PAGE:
Isha Khurana, BBA LLB (Honours), Jindal Global Law School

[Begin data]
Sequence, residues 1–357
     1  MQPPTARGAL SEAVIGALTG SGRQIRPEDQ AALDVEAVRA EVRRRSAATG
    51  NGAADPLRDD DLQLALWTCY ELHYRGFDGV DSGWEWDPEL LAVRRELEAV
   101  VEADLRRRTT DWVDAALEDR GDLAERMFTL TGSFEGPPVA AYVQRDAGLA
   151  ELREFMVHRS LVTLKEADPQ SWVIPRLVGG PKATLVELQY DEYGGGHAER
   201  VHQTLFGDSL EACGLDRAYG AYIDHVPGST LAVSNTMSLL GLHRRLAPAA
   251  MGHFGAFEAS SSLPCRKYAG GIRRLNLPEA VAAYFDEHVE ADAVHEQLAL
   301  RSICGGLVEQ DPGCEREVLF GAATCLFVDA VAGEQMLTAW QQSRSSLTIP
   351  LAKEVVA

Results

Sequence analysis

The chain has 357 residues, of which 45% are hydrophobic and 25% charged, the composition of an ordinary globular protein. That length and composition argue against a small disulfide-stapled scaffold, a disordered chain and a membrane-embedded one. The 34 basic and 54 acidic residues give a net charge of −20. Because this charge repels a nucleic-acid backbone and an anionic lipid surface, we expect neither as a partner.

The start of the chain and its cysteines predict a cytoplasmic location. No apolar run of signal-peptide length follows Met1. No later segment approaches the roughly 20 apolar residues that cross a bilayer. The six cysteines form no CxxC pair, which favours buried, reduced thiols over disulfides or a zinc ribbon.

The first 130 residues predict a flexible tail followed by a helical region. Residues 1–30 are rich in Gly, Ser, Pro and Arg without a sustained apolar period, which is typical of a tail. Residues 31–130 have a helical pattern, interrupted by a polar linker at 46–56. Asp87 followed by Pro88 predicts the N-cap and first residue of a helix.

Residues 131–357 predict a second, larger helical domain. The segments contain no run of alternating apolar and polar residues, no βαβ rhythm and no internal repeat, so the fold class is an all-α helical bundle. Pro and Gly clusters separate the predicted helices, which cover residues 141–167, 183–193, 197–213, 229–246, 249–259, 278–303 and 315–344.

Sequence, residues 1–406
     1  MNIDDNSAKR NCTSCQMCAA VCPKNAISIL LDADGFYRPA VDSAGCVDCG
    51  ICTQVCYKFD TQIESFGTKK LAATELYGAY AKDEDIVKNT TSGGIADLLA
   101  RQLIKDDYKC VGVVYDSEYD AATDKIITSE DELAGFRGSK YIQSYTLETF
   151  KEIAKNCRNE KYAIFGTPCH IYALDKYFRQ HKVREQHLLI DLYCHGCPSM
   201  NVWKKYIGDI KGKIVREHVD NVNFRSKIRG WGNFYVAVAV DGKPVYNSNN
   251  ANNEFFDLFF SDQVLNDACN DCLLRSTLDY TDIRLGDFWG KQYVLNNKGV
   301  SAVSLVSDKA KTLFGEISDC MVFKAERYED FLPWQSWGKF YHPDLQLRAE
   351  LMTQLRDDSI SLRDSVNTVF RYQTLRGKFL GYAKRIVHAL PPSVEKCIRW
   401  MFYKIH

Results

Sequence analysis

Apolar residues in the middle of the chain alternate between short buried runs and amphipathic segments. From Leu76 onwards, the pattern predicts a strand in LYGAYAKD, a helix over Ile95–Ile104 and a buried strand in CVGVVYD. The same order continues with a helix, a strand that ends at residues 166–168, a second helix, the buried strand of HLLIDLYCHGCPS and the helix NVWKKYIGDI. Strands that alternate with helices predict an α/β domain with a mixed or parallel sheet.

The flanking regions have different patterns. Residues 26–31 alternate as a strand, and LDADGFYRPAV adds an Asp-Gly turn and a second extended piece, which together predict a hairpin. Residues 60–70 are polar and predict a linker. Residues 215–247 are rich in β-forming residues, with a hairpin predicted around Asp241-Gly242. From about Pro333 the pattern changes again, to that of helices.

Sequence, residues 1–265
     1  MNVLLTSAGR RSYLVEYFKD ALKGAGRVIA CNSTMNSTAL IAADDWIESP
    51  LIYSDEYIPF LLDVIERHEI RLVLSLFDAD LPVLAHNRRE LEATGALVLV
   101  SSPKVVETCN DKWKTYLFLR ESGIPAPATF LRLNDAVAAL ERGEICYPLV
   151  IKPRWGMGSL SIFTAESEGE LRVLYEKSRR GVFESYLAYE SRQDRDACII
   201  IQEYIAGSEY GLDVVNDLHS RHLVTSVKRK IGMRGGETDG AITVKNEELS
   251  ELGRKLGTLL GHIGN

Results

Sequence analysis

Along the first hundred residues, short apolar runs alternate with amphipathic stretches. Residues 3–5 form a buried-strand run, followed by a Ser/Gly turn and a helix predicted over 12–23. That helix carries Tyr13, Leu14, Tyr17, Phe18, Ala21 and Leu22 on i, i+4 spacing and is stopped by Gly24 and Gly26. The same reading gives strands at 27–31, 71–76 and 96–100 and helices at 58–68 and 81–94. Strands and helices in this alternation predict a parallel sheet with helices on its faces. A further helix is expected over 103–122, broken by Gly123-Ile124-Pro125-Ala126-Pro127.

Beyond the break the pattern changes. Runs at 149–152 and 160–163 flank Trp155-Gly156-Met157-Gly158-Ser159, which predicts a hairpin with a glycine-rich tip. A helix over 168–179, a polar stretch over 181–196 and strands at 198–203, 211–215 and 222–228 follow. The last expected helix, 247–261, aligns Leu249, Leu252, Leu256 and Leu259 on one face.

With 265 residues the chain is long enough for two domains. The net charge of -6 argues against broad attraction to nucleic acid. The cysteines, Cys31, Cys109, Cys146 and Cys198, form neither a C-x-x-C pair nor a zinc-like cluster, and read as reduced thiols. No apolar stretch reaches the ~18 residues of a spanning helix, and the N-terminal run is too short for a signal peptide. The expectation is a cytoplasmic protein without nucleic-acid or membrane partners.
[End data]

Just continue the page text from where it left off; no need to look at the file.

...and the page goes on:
The case of Keshavan Madhava Menon v. State of Bombay1 gives us an insight into how fundamental rights, which weren’t in existence before the commencement of the constitution, would interact with pre-constitution laws post said commencement. Here, the appellant was charged with an offence under the Indian Press (Emergency Powers) Act,2 for a publication dated September 1949. The Constitution of India as we know it, wasn’t in existence then. This implies that the fundamental rights granted by part III were non-existent and it was thus put forth by the court that they couldn’t be applied to past events. The judgement goes through the course of analysing whether there is a retrospective nature of the Constitution, more specifically, the fundamental rights. This essay thus seeks to map through and gain a deeper understanding of the rationale provided by the judges in the instant case. The essential aspects of how the judges established the lack of the retrospective effect of the Constitution, and how an individual can’t aim to exercise a right they don’t have at a particular time are addressed. The discourse then dives into the interpretation of multiple key phrases such as the spirit of the constitution, the arguments revolving around the prospective nature of Article 13 (1), and more particularly the letter of the Constitution. Lastly, future developments and precedents that were established due to the Keshavan case are addressed, which highlights the importance this case holds in law as we see it today.